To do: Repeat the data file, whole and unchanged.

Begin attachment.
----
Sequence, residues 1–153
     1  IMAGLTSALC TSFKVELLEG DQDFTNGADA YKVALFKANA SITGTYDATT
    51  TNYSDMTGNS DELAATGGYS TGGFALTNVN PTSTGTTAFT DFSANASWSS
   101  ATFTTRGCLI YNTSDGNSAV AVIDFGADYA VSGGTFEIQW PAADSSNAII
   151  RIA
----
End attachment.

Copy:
Sequence, residues 1–153
     1  IMAGLTSALC TSFKVELLEG DQDFTNGADA YKVALFKANA SITGTYDATT
    51  TNYSDMTGNS DELAATGGYS TGGFALTNVN PTSTGTTAFT DFSANASWSS
   101  ATFTTRGCLI YNTSDGNSAV AVIDFGADYA VSGGTFEIQW PAADSSNAII
   151  RIA